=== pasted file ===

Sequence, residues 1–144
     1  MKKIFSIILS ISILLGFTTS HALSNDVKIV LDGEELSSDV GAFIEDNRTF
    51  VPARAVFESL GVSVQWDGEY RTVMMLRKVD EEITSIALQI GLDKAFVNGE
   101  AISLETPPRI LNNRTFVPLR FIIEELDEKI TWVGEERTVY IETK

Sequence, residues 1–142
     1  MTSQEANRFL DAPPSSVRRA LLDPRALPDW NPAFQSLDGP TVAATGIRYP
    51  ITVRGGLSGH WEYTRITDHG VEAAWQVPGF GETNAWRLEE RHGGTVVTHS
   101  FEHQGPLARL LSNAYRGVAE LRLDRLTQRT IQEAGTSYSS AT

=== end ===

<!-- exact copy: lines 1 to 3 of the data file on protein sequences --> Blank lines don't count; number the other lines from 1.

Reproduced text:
Sequence, residues 1–144
     1  MKKIFSIILS ISILLGFTTS HALSNDVKIV LDGEELSSDV GAFIEDNRTF
    51  VPARAVFESL GVSVQWDGEY RTVMMLRKVD EEITSIALQI GLDKAFVNGE